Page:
FMEA (Failure Mode Effect Analysis) is definitely the most widely used method for assessment of risks associated two any type of devices and processes. This is valid for any type of product or industry sector, medical device-related or not.
Here we present an article on how to apply and integrate FMEA method with risk management for a medical device. We all know the importance of a risk management process within a quality management system compliant with 21 CFR 820 and ISO 13485.
What is FMEA?
FMEA (Failure Mode and Effect Analysis) is a method used to anticipate the potential failures associated to a product or a process, estimated the severity of the potential effects of the failure and identify measures to mitigate the risks related to this failure.
Different types of FMEA can be developed; in particular we could have:
- DFMEA, Design Failure Mode and Effect Analysis, where the risk analysis is performed on a specific products. The risks that can be handled within this FMEA are the ones related to failure of specific components of the device or failure related to the use of the device by patient, users or any other person potentially involved.
- PFMEA, Process Failure Mode and Effect Analysis, where the risk analysis is performed on the manufacturing process. Following the workflow of a process, all the potential deviations are taken in considerations, associated risks estimated and mitigation actions identified.
5 Steps to perform a FMEA
The FMEA can be performed on 5 sequential steps which can be summarised in the infographic below:
Here we can now discuss more in details each step of the FMEA process.
Step 1: Risk Identification
The first step of the FMEA method is the risk identification. Hazardous situation and related risk can arise from different sources:
- Risks resulting from faults : it is important to remind that the probability of a fault occurring is not the same probability of a harm occurring.
- Risks resulting from random faults : Random faults are typically due to physical or chemical causes such as corrosion, contamination, thermal stress, and wear-out, etc.
- Risk resulting from systematic faults : A systematic fault can be caused by an error in any type of activity. It will systematically give rise to a failure when some particular combination of inputs or environmental conditions arises, but will otherwise remain latent.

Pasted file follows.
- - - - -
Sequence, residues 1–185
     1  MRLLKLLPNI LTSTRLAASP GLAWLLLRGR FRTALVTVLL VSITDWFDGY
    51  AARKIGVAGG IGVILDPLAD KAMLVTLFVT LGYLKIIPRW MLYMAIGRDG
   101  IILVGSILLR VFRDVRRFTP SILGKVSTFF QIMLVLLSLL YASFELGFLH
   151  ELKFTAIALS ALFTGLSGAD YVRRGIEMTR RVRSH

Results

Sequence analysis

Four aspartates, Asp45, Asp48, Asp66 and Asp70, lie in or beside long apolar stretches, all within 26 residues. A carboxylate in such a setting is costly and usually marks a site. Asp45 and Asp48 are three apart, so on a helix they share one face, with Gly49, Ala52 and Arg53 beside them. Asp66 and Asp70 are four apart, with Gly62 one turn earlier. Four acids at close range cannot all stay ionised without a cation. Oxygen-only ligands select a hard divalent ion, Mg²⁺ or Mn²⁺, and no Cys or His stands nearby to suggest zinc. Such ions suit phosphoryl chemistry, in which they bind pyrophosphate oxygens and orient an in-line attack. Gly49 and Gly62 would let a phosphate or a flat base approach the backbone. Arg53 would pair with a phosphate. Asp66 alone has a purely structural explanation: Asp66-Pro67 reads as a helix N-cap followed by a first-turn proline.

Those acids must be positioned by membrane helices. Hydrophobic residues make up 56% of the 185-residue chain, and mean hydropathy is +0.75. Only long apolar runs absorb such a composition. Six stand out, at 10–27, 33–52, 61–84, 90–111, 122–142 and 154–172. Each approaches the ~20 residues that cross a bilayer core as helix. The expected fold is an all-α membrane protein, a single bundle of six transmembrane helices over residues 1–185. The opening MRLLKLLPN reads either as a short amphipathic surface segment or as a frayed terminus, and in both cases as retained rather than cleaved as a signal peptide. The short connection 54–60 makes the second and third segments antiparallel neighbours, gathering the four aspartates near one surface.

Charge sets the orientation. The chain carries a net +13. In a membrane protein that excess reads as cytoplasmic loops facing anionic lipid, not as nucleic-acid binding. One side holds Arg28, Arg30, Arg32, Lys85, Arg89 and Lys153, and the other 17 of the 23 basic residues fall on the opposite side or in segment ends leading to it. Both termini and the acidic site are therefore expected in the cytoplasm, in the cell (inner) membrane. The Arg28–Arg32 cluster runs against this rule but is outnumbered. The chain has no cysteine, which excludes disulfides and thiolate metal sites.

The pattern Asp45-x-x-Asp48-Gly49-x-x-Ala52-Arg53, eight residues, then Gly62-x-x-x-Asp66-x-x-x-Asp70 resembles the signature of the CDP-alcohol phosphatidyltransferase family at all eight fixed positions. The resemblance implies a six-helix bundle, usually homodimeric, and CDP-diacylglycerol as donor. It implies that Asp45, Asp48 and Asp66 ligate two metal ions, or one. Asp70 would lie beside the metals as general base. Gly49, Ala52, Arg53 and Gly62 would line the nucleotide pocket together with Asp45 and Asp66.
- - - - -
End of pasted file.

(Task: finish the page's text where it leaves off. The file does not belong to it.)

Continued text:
- Risks arising from security vulnerabilities : Security vulnerabilities can lead to loss of data, disclosure of personal health information, unauthorized access to patient records, etc.
Step 2: Determination of the severity of the potential harm
For each of the risks identified in Step 1, determination of the severity of the harm associated to the risk shall be performed. A score shall be given the severity of the harm. As a matter of example, the following table can be followed:
|Rating||Severity of the Associated Harm|
|Catastrophic / Fatal||Results in death|
|Critical||Results in permanent impairment or irreversible injury|
|Serious / Major||Results in injury or impairment requiring medical or surgical intervention|
|Minor||Results in temporary injury or impairment not requiring medical or surgical intervention|
|Negligible||Results in inconvenience or temporary discomfort|
Step 3: FMEA and Determination of the probability of occurence
Each of the risk identified in step 1 has a specific probability of occurrence shall be estimated. This can be performed using two different methods:
- Qualitative method
- Quantitative method.
For a qualitative method, the estimation of the probability of occurrence is performed by an expert based on different levels defined as per below:
|High||Likely to happen, often, frequently, always|
Likely to happen several times during the lifetime of the medical device
|Medium||Can happen, but not frequently|
Likely to occur a few times during the lifetime of the medical device
|Low||Unlikely to happen, rare, remote|
Not likely to occur during the lifetime of the medical device
Instead, for a quantitative method, levels of probability of occurrence are defined on a quantitative way. For example:
|Probable||<10−3 and ≥10−4|
|Occasional||<10−4 and ≥10−5|
|Remote||<10−5 and ≥10−6|
Step 4 : FMEA and Estimation of the detectability
For a tri-dimensional FMEA, the estimation of the detectability shall be performed. This means that for each risks identified, a score should be given the possibility to detect the risk in order to prevent any specific hazardous situation or harm.
Also in this case, a table could be prepared as a matter of example:
|Almost Impossible||No known control(s) available to detect failure mode|
|Remote||Remote likelihood current control(s) will detect failure mode.|
|Low||Low likelihood current control(s) will detect failure mode.|
|Moderate||Moderate likelihood current control(s) will detect failure mode.|
|High||High likelihood current control(s) will detect failure mode.|
|Almost Certain||Almost Certain likelihood current control(s) will detect failure mode.|
Step 5 : FMEA and Risk Estimation
The estimation of the risk is performed through the definition of a score which is called risk priority number and it is the last phase of the FMEA process. The RPN can be defined as Severity x Occurrence x Detectability. Also in this case, different layers shall be defined in order to identify the region of risks.
In general the regions of risk are defined in the risk management plan.